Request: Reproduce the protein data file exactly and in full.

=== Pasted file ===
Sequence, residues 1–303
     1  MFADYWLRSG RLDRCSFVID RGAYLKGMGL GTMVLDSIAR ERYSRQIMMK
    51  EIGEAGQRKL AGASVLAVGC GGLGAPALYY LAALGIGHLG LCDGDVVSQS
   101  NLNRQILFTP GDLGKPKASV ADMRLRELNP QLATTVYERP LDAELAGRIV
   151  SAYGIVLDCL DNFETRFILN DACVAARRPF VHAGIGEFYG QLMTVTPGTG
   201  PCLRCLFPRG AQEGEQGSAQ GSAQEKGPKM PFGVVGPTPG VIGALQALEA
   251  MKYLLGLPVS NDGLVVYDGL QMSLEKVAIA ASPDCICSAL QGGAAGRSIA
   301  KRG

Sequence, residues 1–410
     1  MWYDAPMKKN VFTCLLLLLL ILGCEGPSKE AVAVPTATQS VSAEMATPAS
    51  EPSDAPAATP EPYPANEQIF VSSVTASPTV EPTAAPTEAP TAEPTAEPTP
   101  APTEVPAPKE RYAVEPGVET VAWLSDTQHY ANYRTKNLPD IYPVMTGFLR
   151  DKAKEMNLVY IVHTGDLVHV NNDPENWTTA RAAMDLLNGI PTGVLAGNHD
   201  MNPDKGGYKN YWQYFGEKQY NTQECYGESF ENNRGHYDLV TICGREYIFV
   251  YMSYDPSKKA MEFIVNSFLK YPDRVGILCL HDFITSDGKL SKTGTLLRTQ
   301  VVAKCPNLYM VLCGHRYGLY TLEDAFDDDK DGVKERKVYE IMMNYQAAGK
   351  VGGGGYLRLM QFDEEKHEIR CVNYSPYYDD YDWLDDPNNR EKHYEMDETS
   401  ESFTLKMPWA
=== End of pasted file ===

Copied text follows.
Sequence, residues 1–303
     1  MFADYWLRSG RLDRCSFVID RGAYLKGMGL GTMVLDSIAR ERYSRQIMMK
    51  EIGEAGQRKL AGASVLAVGC GGLGAPALYY LAALGIGHLG LCDGDVVSQS
   101  NLNRQILFTP GDLGKPKASV ADMRLRELNP QLATTVYERP LDAELAGRIV
   151  SAYGIVLDCL DNFETRFILN DACVAARRPF VHAGIGEFYG QLMTVTPGTG
   201  PCLRCLFPRG AQEGEQGSAQ GSAQEKGPKM PFGVVGPTPG VIGALQALEA
   251  MKYLLGLPVS NDGLVVYDGL QMSLEKVAIA ASPDCICSAL QGGAAGRSIA
   301  KRG

Sequence, residues 1–410
     1  MWYDAPMKKN VFTCLLLLLL ILGCEGPSKE AVAVPTATQS VSAEMATPAS
    51  EPSDAPAATP EPYPANEQIF VSSVTASPTV EPTAAPTEAP TAEPTAEPTP
   101  APTEVPAPKE RYAVEPGVET VAWLSDTQHY ANYRTKNLPD IYPVMTGFLR
   151  DKAKEMNLVY IVHTGDLVHV NNDPENWTTA RAAMDLLNGI PTGVLAGNHD
   201  MNPDKGGYKN YWQYFGEKQY NTQECYGESF ENNRGHYDLV TICGREYIFV
   251  YMSYDPSKKA MEFIVNSFLK YPDRVGILCL HDFITSDGKL SKTGTLLRTQ
   301  VVAKCPNLYM VLCGHRYGLY TLEDAFDDDK DGVKERKVYE IMMNYQAAGK
   351  VGGGGYLRLM QFDEEKHEIR CVNYSPYYDD YDWLDDPNNR EKHYEMDETS
   401  ESFTLKMPWA